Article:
[This article contains spoilers for the movie Dune]
The sci-fi genre is teeming with worlds of the future marked by technological advancement beyond our wildest dreams. We see how such technology and scientific knowledge influence society’s view of the world and how they affects the ways in which characters interact with each other. While these worlds are commendably rich and vibrant, they have the tendency to conflate scientific advancement with the areligious. “Star Trek,” arguably the most popular sci-fi show of all time, had heavy anti-spiritual undertones that are reflective of the philosophy of show creator Gene Rodenberry, who was a profound and vocal atheist. These future worlds, the authors will argue, have learned so much about the nature of the cosmos that they were compelled to view as foolish any position that professed a world beyond the empirical. Even further, many of these worlds claim that religion and spirituality are wholly impotent forces that push people towards vice rather than virtue, saying that even if we could preserve religion following scientific advancement, we ought not. There is one sci-fi world, however, that bathes itself in spirituality and religiosity and affirms the power these forces have on society even in the face of such vast technological and scientific development: Frank Herbert’s “Dune.”
Dune is a peculiar sci-fi universe, as it is one that lacks many of the standard trappings of the genre. There are little to no robots in Dune and very few AIs, as there was a war against what the citizens of the universe call “thinking machines” many years before the beginning of the book. Moreover, they have an unconventional method of space travel, which involves the ingestion of a substance called spice melange, which allows navigators to divine the path they ought to take through space while moving at warp speed. All of this already sets Dune apart from its contemporaries, and its point on spirituality is equally unique.
The main political actors of Dune all adhere to an unnamed religion whose holy book is called “The Orange Catholic Bible.” It is made clear throughout Dune that, at some point in the past, all the major religions of Earth united into one. Ever since, the religion of all humans has been an amalgamation of the various faiths we are familiar with in the present day. The Fremen, the inhabitants of the desert planet Arrakis (otherwise known as Dune, hence the book’s title), follow a separate religion that revolves around the great desert worms that create spice melange beneath the sands and the promise of a messiah figure that will lead them to a land filled with water. One of the main conflicts of the book is the struggle of the main characters to understand and accept the beliefs of the Fremen, which they initially view as primitive and foolish but come to accept by the end. Ultimately, it is the beliefs of the Fremen that allow the main character, Paul Atredies, to triumph and fulfill his destiny.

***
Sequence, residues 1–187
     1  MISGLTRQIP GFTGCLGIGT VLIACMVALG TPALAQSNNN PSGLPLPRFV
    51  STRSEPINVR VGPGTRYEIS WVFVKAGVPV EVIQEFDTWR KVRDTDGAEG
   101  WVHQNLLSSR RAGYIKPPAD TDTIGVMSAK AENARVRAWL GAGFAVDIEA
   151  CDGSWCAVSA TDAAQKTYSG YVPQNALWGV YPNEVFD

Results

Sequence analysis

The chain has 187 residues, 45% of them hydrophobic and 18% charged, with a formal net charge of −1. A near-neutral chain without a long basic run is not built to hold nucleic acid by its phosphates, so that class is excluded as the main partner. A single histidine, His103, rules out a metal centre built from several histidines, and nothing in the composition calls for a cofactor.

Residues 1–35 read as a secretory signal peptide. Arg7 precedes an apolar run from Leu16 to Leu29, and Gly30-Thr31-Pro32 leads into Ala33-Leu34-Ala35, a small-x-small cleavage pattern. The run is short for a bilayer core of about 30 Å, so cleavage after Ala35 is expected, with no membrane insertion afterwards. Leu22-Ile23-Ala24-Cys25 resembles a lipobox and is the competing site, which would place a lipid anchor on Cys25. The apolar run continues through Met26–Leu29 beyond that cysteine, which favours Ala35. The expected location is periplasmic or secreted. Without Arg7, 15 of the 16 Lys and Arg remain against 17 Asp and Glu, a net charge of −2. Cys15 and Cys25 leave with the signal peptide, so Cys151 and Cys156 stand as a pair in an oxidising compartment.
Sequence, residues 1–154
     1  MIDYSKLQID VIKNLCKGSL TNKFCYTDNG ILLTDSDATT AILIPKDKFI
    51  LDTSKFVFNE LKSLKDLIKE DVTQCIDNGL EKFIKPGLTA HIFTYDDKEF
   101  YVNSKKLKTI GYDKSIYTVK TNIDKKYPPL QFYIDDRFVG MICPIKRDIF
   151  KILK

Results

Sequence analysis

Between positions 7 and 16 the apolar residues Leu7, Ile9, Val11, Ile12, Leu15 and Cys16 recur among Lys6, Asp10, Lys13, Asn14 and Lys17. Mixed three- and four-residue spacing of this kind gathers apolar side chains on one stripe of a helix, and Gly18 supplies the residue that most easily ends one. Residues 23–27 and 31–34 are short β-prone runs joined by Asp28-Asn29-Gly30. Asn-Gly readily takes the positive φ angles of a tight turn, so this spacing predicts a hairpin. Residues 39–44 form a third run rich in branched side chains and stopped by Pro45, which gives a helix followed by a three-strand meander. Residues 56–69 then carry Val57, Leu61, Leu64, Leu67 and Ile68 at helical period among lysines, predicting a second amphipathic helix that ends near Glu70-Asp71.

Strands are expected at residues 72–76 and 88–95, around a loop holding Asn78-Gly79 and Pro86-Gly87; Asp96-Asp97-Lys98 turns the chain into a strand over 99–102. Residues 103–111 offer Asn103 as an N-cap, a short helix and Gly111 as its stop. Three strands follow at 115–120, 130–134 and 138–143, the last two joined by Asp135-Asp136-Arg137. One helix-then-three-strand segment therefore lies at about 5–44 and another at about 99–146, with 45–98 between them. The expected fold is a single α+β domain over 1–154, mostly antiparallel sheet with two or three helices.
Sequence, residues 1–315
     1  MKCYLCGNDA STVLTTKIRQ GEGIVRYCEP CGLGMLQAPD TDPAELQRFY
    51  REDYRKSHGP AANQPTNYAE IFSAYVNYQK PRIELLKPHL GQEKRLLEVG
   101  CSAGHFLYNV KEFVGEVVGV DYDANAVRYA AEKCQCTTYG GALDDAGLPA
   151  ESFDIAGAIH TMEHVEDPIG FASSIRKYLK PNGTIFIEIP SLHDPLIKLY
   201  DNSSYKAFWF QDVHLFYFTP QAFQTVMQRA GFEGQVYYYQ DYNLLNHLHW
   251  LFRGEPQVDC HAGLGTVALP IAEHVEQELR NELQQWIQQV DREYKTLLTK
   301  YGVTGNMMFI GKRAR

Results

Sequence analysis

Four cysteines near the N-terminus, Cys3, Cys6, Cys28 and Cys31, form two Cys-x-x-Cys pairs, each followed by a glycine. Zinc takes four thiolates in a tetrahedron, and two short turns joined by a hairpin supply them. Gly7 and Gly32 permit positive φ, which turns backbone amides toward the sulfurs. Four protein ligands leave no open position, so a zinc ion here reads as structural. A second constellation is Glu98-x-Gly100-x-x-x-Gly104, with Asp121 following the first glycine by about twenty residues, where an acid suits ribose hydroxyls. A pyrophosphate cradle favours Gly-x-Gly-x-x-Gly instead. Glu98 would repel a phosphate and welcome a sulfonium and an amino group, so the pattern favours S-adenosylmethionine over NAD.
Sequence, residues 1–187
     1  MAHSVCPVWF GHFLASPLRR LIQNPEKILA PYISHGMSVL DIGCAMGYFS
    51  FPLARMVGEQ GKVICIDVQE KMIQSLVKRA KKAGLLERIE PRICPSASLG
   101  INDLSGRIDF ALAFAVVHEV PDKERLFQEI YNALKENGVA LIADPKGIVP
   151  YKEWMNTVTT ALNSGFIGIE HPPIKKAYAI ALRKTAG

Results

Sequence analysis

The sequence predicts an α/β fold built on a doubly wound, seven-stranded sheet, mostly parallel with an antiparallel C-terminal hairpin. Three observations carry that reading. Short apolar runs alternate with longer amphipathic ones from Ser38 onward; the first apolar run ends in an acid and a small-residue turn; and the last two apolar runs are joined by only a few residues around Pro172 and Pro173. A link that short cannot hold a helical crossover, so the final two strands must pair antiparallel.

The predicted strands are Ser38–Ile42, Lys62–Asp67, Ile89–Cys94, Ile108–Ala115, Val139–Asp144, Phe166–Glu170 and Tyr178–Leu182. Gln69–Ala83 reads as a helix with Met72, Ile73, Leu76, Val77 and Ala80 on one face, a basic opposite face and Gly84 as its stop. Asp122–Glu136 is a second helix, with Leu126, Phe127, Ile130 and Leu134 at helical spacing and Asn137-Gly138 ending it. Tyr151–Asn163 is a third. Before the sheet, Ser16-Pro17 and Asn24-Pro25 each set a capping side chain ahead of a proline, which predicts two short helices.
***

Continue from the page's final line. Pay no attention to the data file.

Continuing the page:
One of the major themes in Dune is the power of religion, whether it is based in truth or not, to mobilize and to inspire people. The main character’s mother, Jessica Atredies, is part of an all-women cult known as the Bene Gesserit and is often heard reciting the mantra, “you mustn’t fear, fear is the mind killer” during many stressful moments in the story. It is the Bene Gesserit, more specifically Jessica, that incite Paul Atredies to live up to the mantle of Kwisatz Haderacht, a prophetic figure who will be the only male to learn the Bene Gresserit art of intense psychological control of oneself. Moreover, the entire second half of the book revolves around the attempt to realize the Fremen prophecy of a savior who will come and turn the desert into water. We are never given any insight into whether any of these prophecies are true, and the author makes sure to let us know that neither do any of the characters, but nevertheless, the characters strive to realize these prophecies and, in many cases, succeed. The tension between the truth of prophecy and our desire to fulfill it is potent in Frank Herbert’s work, and it says something about the power of religion as an enduring force that influences human beings.
But Frank Herbert isn’t making some grand point about the triumph of religion over godlessness, nor is he explicitly condemning the non-religious. In fact, Herbert remains ambiguous about whether the religions of the main characters are forces for good or evil, and he treats them with the subtle complexity they deserve. I think Herbert’s point in making religion the center of the Dune world is simply to say that religion is here to stay. We can dream all we want of a world where we cast away the “irrational” shackles of spirituality and look towards science for truth, but Herbert thinks that the power of spirituality and the grasp it has on our imagination and on the human condition in general is too deep for it to disappear. The power of religion, the power of the idea of the world beyond our senses or of immutable ineffable truths, is not in danger of being replaced by science (as if the two were in comparable fields in the first place). Herbert rejects this Nietzschean idea of the decay of the place of God in society, claiming that even in the year 10191, humans will be as religious as ever, regardless of your opinion on religion.